The jury had been deliberating several hours and I was getting a little nervous. I take great pride in persuading jurors during closing arguments that if they have any reasonable doubt about my client’s guilt, then there’s no reason to go into the jury room and spend hours debating. Just come back with a verdict of Not Guilty. I call it “The Five-Minute Verdict.” I explain that since the presumption of innocence applies and that the prosecutors hadn’t proven their case at any time, then jurors shouldn’t spend more than five minutes coming back with a not guilty verdict. Obviously that ploy hadn’t worked this time.
This was a federal case tried in Miami federal court. Like all my cases, I had put my heart and soul into this one. Many months of preparation went into this trial. I was determined to acquit my client who was charged with several very serious federal criminal offenses.
The edgy waiting was suddenly broken when a bailiff came in bearing a note for the judge from the foreperson of the jury. (Used to be called “foreman”) The foreperson, selected by fellow jurors, is the person who leads the jury deliberations and announces the verdict. Usually the foreperson is selected because of his or her dress and demeanor and thus is often considered the smartest or most sophisticated of the jurors. A note to the judge from the foreperson can often send a powerful signal about which way the jury is leaning, so we were all keyed up to learn the contents. The judge came out of chambers, took her place on the bench and sat examining the piece of paper for what seemed like an unusually long time. Then she smiled and beckoned the attorneys to come forward. She passed us the note. Here is what it said in its entirety in the exact spelling that was used: “What dose unanimous mean?”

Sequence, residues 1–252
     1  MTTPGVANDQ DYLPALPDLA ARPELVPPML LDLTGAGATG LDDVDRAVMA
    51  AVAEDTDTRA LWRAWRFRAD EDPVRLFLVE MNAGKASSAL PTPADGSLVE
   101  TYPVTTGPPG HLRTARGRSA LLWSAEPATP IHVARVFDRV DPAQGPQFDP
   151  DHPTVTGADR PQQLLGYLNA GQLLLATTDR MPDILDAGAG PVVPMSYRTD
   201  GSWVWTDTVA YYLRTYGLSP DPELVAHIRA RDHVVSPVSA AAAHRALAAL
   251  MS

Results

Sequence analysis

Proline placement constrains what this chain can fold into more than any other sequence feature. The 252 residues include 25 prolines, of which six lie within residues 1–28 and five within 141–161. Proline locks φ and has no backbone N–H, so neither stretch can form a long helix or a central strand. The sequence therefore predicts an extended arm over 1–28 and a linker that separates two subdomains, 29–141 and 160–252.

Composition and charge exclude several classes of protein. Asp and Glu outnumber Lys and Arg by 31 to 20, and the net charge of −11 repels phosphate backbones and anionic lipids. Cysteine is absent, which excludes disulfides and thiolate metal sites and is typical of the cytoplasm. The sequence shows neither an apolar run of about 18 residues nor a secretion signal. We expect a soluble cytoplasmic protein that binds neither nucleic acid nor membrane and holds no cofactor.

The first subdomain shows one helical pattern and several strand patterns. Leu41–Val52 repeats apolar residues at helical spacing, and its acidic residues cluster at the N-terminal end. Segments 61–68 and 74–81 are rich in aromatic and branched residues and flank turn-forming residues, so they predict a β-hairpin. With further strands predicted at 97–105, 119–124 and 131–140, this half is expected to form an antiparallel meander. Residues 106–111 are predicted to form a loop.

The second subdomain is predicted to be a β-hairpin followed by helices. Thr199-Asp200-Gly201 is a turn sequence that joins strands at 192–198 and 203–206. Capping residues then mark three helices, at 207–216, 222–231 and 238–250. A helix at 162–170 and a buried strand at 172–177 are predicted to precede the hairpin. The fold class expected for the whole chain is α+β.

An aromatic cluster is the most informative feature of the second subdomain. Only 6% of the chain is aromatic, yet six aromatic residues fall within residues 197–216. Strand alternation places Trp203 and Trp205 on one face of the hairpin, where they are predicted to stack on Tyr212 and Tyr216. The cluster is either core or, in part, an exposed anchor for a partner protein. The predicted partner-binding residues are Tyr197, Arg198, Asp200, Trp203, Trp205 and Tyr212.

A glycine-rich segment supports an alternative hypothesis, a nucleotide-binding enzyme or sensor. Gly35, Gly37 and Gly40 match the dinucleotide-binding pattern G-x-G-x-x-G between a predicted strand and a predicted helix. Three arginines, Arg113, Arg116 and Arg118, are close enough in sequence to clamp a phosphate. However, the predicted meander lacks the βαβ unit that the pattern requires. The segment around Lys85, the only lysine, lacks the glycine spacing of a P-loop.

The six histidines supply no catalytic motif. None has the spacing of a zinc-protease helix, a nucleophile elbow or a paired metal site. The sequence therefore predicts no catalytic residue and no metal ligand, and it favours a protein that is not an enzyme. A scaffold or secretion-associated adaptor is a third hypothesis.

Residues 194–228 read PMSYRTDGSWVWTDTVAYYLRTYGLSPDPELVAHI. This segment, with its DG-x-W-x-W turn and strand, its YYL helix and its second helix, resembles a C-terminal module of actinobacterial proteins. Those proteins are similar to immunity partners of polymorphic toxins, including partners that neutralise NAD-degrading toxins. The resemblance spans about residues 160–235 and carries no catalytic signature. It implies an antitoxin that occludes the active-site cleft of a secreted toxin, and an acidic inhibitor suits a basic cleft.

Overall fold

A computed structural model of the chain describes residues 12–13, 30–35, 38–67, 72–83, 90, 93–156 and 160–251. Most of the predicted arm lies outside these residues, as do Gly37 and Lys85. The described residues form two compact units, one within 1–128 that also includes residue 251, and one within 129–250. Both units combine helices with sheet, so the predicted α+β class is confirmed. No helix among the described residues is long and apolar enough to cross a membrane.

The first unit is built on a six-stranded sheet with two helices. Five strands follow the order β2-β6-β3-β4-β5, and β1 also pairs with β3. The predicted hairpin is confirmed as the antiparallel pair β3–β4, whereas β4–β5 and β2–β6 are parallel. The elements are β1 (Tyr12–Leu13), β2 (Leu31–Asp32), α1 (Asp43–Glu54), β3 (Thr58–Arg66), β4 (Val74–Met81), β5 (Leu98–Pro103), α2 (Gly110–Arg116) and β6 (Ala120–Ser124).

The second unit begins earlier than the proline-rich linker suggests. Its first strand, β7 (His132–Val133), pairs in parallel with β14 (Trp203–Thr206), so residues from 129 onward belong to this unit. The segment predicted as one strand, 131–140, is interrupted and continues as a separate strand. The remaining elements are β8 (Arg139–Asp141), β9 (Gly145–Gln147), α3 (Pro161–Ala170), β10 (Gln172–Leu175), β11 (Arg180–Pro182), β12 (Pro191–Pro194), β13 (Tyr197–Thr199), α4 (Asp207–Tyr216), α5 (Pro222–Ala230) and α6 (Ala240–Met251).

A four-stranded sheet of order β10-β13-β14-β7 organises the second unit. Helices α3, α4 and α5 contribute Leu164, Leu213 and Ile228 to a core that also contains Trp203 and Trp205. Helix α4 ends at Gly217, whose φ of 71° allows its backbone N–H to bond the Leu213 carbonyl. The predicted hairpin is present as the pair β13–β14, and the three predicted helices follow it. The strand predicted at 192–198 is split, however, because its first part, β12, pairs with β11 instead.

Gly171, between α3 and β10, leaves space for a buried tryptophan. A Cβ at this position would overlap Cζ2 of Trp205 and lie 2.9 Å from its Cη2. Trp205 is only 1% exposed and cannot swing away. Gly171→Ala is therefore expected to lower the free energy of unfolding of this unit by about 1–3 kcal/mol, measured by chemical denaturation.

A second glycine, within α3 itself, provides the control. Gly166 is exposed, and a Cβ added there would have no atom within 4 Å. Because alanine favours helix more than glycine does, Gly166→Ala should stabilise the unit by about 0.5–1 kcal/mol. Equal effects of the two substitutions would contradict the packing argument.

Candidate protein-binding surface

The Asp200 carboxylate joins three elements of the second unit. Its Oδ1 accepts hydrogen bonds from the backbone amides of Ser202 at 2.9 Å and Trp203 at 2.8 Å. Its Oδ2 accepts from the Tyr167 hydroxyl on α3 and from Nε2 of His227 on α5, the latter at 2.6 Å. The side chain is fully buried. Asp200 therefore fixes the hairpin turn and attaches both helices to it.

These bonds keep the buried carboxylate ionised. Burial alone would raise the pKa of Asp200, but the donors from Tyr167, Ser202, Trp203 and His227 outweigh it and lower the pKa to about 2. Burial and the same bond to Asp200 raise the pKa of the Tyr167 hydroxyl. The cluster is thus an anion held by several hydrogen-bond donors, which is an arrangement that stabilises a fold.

“Holy shit,” I thought, “my client’s future is in the hands of a moron who can’t spell and doesn’t know the definition of a simple word. We’re in trouble.” In that moment, I learned a valuable lesson. Even though I always knew that the average juror wasn’t brilliant, I learned that I still needed to lower my expectations. I needed to expect even less from them, no matter how difficult that was.
Regarding the verdict, they never did come up with a unanimous verdict. I had been successful in convincing a certain number of jurors that he wasn’t guilty, which led the judge to declare a mistrial. In federal court, where the conviction rate is very high, that’s considered quite an accomplishment. After the mistrial, my client was ultimately offered a spectacular plea bargain from the prosecutors.
I saved a copy of the jury’s note as a reminder. Justice doesn’t always look like how you would expect. It’s like hotdogs. If you like the taste, don’t go see how they’re made.